Friday, July 10, 2009
July 10, 2009
Fridays are Cajun Corner day. Every Friday I send the weekly email for people who have asked to be on the Cajun Corner list. The problem was none of the pictures would upload on the email. I have to figure out how to either archive Cajun Corner to this blog or upload the pics to the email.
We are nearly finished with the display tablecloth and orange bowling shirts.
I should write a tutorial on the multi-hooping at this point. I looked on the internet and only found very few tutorials on multi-hooping. We did the display tablecloth on a 72"x120" tablecloth. The design itself is 37"-38" wide. In the end we stitched 3 practice designs and then the final. The first was each part to the design separately (shown in the first photo). The second, was all parts together, including the tree (shown in the second photo). The third, was the trial run before we did the final (shown in the third photo). The last photo shows the final picture and we are very proud of this endeavor. The tutorials suggested printing out the design and placing it on the fabric to determine measurements. That was a pain in the go-go. This was a mathmatical endeavor. It's a good thing that George was a finish carpenter. He measured and measured and measured. George always says, "measure twice and cut once." We measured a lot more than twice. Half of the 72" is 36" = the center of the table cloth. The table top is 24", so the drop begin 12" from center. Take the 12" from the 36" to get 24". 24" is the drop and you want the design centered in the middle of the drop. Half of 24" is 12" -- mark it. Then half of 120" is 60" -- mark it and you have dead center for the design. In our design we stitched out each part separately rather than printing on the printer (see the first photo, above). This gave us a feel for how each part of the design stitched out and fit. We had to use our largest hoop, the jacketback hoop. The design at times went all the way to the edge of the hoop and we were worried that it wouldn't fit into the hoop, but alas, as you can see, it fit. Then we had to align each part of the design, measuring off of the center cross hairs. Our machine has a trace feature which proved invaluable on this project. Everything was traced multiple times. We stopped the trace when it would get to an area that we weren't sure would clear the hoop, and to do all sorts of aligning. Since this was our first display multi-hoop project, we were nervous to the end. But when we finished the final, we had a glass of wine together and toasted our new knowledge of multi-hooping. I wouldn't say we are expert at multi-hooping, but I think you will agree that the project turned out very nice and professional looking. Now we need to do some ironing and removing excess stabilizer and this project is ready to go out the door.
After the bowling shirts, I plan on "trying to" perfect the patch. I've read and heard that a "real" patch is done on a special machine called a "Merrow". Merrow has a very interesting history and if you are inclined to read this sort of thing, I suggest you go to the Merrow web wite. If you look at the edge of store bought patches you will see that the edges are serged. The embroidery machine does applique with a satin stitch around it which looks very much like the serged edge of a patch. I've read a few articles about making patches on the embroidery machine with the satin stitches, rather than the merrow. I've seen pictures of the embroidery machine patches and they look really good. A month or so ago I met with a friend from Orlando who showed me a patch that she made and plans to sell. We discussed making patches and she is convinced that I'm using the wrong stabilizer. I was using Solvy. She said that Solvy wasn't strong enough to do what I want and instead I should use Aqua Magic. She's a walking advertisement for Aqua Magic. I've just received my Aqua Magic order in the past week and am anxious to start on the patches. Of course, my friend's was done via FSL (free standing lace). She is a digitizer and created her own patch via digitizing and layering stitches in different directions. I would be applying designs onto fabric as though I were doing applique work. The difference for me would be that the "fabric" that I would put the applique upon would be the Aqua Magic. Anyway, that's my theory and we'll see if it works. Stay posted for this project.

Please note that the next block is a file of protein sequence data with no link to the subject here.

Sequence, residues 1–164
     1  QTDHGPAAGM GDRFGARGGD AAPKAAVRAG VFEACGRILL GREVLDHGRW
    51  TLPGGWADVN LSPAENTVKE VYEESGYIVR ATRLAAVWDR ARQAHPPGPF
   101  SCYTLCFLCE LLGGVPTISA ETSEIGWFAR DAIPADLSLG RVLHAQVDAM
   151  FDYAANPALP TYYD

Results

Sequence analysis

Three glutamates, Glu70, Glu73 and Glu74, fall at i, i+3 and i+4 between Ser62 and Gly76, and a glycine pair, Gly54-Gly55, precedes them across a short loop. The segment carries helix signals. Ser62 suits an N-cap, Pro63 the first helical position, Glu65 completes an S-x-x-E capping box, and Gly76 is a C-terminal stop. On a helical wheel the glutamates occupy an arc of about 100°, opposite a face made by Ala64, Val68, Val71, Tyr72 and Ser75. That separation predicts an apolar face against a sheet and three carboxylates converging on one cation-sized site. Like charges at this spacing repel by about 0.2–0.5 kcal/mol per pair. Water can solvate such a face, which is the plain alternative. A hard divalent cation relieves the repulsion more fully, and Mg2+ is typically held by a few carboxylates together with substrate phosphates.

The Blue Angels are having a show today and tomorrow at Pensacola Beach. I'm avoiding the area because the traffic is usually horrendous but the show is wonderful. Since I live so close to the navy base -- Home of the Blue Angels -- they fly over my house a lot. I get my own free air show without leaving home. So, I'm staying put for the weekend. But anyone who has never seen this show and has the opportunity should see it. This is ballet in the sky. The precision is absolutely incredible.